Jobs has revealed the company was a mere 90 days from bankruptcy in 1997 when the board asked him to retake the reins
Apple's mercurial master Steve Jobs made a series of revelations during his appearance at the Wall Street Journal's D:All Things Digital conference in California this week, including the fact that the company was a mere 90 days from bankruptcy in 1997 when the board asked him to retake the reins.
Shortly afterwards Jobs joined the elite, and possibly single-member-club, of people to have been fired and then rehired by their own company.
Surpassing Microsoft "surreal"
At the time Microsoft famously threw Apple a US$150 million lifeline, a gesture which was thrown into almost comical relief last week when a spike in Apple's share price saw it surge past Microsoft to become the world's biggest technology company - and second overall - by market capitalisation. Asked how he felt about that Jobs replied "surreal".
iPad was ready in 2007
Other revelations included the fact that the wildly popular iPad was ready for release as far back as 2007 when it was mothballed while Apple executed its virtual annexation of the mobile market with the iPhone. Not that he could have any regrets with sales of the iPad now past 2 million just 60 days after its launch, and several industries recalibrating their business strategies around the device
But with great power comes great responsibility and it appears that the trade-off for Jobs having well and truly assumed the role as tech-and-media-industry svengali is greatly increased scrutiny of his actions.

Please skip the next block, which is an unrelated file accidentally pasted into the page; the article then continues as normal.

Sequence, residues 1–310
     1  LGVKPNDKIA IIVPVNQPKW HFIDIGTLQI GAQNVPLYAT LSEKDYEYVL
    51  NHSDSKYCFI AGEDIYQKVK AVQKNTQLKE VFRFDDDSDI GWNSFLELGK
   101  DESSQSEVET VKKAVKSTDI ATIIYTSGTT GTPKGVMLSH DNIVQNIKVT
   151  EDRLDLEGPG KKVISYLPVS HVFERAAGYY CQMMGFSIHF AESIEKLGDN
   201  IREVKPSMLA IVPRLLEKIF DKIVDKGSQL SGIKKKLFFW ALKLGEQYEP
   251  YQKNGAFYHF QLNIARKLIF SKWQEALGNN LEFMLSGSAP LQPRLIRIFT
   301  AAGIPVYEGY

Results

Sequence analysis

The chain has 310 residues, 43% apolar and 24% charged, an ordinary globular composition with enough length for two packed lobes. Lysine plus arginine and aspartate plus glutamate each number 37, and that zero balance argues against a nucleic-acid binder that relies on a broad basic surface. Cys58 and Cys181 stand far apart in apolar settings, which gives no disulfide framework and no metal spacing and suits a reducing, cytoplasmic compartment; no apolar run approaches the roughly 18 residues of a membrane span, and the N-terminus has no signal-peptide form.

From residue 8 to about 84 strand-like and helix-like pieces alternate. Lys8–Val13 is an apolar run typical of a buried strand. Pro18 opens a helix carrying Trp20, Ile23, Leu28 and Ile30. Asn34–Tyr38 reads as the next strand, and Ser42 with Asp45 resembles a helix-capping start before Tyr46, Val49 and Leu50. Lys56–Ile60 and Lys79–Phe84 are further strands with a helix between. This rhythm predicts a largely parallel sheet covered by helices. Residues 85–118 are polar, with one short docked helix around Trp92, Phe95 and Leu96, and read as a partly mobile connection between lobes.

Jobs the Statesman
Last month he took the time to draft a lengthy open letter to Mac users and the wider industry explaining in great detail his reasons for booting Adobe products off the iPhone and iPad app stores. For a man whose sudden and inexplicable mood swings are the stuff of legend, this gesture seemed to suggest that a more considered, even statesman-like, Steve Jobs had finally arrived. And, worryingly for Adobe, it seemed to lend even more weight to his decision.
Jobs on Google
But of course Jobs has far bigger fish to fry, and that fish is called Google.
The decision of the search engine giant to go after the exploding mobile and mobile apps space represents probably the biggest competitive challenge to Apple in its entire history.
However, when pressed to comment on the fact this week, Jobs merely reiterated his view that while Google is trying to compete with Apple, Apple is not trying to compete with Google.
While that might be true, even Jobs must be starting to wonder whether taking a passive stance is the best way to deal with a very real threat from the fastest growing, and arguably one of the smartest, technology companies of all time.
On the other hand though, Jobs - unlike his younger rivals - knows what it's like to reach and then return from the abyss.